|OS Route Map →||Route file →|
Date: 02 May 2014
Start / Finish: Sedbergh.
Maps: Explorer OL19 Howgill Fells & OL2 Yorkshire Dales West or Harveys Superscale Yorkshire Dales.
|Day 1||Cautley & West Baugh Fell||7.8miles / 2291 feet (12.6km / 698m)|
|Day 2||East Baugh Fell & Aye Gill Pike||14.3miles / 1573 feet (23.0km / 479m)|
A 2-day circuit of the hills flanking Garsdale, a choice inspired by an overlap with a bank holiday weekend to avoid the influx of walkers to the well known areas - it was a good one in that respect, we saw nobody at all and the whole area was completely deserted. The tent pitch was an excellent one with a grand sunrise.
On the north side of Garsdale is the huge sprawl of Baugh Fell, home to two Nuttall 2000' summits and divided on the map into West and East Baugh Fell, and its vastness is readily appreciated on a traverse like this: usually with a total lack of people it is a study in serene emptiness. Dotted with small curricks, tarns and gritty outcrops with evidence of a few old workings, it would be more akin to its Pennine neighbours to the north but for the lack of heather: this is a landscape of moorland grasses and sphagnum presided over by skylarks, curlews and plovers rather than their ubiquitous grouse.
On the south side is the Marilyn/Dewey top of Aye Gill Pike (Rise Hill), a long shallow whaleback hill that could hardly be less like the popular notion of a 'pike'. This was to be the day of views, but apart from the brief dawn period the sky was grey and murky all day and the vistas very muted.
The hike NE along the valley begins at the Thorns Lane footpath at the eastern end of Sedbergh. Today this gave the leaden skies time to clear and the sun dominated as we approached Cautley below the southern flank of Yarlside, crossing the river and A683 at Wardses and ascending onto the lower western slopes of Baugh Fell.
Ascending the lane towards Bluecaster Side, we left the tarmac just after a gate to follow a grassy track eastwards above Wraymire Gill that becomes less distinct higher up but heads towards clearly visible shakeholes near a limestone outcrop above the head of the gill. Crossing the wet reedy ford and climbing above the shakeholes, we scanned the slopes ahead and picked the best line south-eastwards, a very long meandering upward trek avoiding the most boggy patches, eventually arriving at the distinct line of the nascent Nor Gill just below the plateau edge. The rearward view is highly foreshortened and belies the distance and effort involved in reaching this point.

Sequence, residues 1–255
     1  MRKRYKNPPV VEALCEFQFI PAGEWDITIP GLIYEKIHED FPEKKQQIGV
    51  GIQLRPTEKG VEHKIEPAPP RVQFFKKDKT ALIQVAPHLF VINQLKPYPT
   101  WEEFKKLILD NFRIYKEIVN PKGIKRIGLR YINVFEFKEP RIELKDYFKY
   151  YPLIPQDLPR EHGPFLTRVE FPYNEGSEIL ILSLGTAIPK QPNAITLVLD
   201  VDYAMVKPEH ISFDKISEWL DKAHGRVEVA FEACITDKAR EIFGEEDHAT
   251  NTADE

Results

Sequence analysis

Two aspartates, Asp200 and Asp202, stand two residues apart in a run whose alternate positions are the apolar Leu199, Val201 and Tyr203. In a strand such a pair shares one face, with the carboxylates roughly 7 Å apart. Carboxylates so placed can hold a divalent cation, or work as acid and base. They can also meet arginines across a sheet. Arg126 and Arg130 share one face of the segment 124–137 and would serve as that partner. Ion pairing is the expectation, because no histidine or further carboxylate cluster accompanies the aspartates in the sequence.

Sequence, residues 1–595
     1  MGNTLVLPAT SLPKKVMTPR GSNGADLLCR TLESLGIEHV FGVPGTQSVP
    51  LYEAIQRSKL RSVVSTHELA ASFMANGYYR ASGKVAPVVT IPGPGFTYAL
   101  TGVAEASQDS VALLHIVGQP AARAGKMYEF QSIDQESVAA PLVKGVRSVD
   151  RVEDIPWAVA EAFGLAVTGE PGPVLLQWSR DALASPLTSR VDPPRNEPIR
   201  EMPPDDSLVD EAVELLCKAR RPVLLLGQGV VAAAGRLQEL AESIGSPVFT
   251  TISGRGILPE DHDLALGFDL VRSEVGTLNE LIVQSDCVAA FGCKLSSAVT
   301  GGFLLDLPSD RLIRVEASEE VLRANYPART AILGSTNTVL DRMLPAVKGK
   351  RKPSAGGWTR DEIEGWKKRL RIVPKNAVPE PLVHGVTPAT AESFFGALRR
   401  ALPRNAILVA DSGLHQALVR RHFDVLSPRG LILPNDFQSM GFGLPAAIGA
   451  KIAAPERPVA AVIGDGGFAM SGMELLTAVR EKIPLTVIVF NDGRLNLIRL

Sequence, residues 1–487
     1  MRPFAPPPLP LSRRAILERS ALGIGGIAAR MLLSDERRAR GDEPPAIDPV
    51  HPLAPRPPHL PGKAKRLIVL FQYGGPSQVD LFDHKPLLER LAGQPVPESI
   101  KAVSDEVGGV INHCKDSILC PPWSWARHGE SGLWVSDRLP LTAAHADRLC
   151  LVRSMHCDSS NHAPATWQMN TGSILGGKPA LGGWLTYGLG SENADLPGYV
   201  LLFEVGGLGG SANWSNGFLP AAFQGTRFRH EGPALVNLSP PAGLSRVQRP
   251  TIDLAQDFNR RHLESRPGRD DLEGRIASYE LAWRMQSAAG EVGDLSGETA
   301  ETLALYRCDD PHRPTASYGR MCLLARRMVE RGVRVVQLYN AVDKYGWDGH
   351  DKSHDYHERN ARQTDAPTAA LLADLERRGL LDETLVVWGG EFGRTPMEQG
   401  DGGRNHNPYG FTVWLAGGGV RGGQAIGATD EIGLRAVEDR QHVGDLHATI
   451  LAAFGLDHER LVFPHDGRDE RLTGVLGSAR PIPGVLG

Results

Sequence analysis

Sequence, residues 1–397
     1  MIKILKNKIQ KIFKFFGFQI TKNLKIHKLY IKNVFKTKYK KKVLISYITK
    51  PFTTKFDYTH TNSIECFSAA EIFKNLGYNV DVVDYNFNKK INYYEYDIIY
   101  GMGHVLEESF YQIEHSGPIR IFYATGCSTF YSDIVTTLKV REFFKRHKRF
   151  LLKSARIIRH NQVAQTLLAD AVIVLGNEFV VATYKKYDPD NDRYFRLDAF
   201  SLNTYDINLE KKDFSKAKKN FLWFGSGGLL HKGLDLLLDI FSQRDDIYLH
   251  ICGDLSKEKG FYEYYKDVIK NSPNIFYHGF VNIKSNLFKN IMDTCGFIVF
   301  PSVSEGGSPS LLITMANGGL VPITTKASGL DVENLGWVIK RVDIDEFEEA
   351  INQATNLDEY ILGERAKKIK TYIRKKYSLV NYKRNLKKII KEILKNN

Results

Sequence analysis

Shortly after the ground levelled out our objective finally burst into view - West Baugh Fell Tarn. We explored the shore and found a good pitch on the south-western shore in hope of a sunrise over the water, a grand end to the day out of the cold wind with a view to Wild Boar Fell and Swarth Fell from the door .
Opening the tent door in the early light our hope was fulfilled - a lovely sunrise with orange light and cloud reflections in the still waters, a fine way to start a backpacking morning after a cold frosty night punctuated by occasional trilling songs from the curlew. This was the first pitch of our new Voyager 2.2 tent that has dual doors and vestibules on the sides, we could now enjoy the view throughout breakfast and a hot brew with the evolving light patterns and strengthening warmth of the sun.
The promise of that dawn for the day ahead was not fulfilled: shortly after striking camp the grey cloud filled in the sky and the views became decidedly murky, but this did not detract from the wilderness enjoyment of the walking. We headed southwards on the plateau past several small curricks and peaty pools towards the trig point on Knoutberry Haw with dull views to the High Seat ridge, and a short boggy walk eastwards is the second summit of Tarn Rigg Hill, a good vantage point for East Tarns, an inviting area to explore another day.
There is a trodden line along the ridge wall and fence descending East Baugh Fell, wet and scrappy at times but reliable all the way to the unfenced road at Riggs. The route could be shortened a little but the impossibility of access from most of Garsdale severely limits the options: there are a couple of gates onto the old minor road near Knudmaning but a direct descent to these would involve crossing the rough and very boggy Ceaseat Mire. It is far easier, certainly drier and probably a lot quicker to follow our descent.
We did a road hike from Riggs to the start of the southern ascent at Dandra Garth on the A684: again the tarmac could be reduced by incorporating a couple of footpaths but this would mean extra distance and ascents and descents.
From Dandra Garth a good bridleway track ascends to the open fell, and where it veers away from the trees we climbed directly upwards along the forest edge to a stile on the ridge. A short climb westwards brought us to the hump of Snaizwold Fell and its small limestone pavement. A gradual ascent on the north side of the ridge wall leads to the trig point of Aye Gill Pike, its views very muted today towards Whernside.
We descended the ridge line NW, and after traversing a small rise at its foot we roughly followed the line of the bridleway above Holebeck Gill to the lane head at Side Farm for a short road hike back to Sedbergh.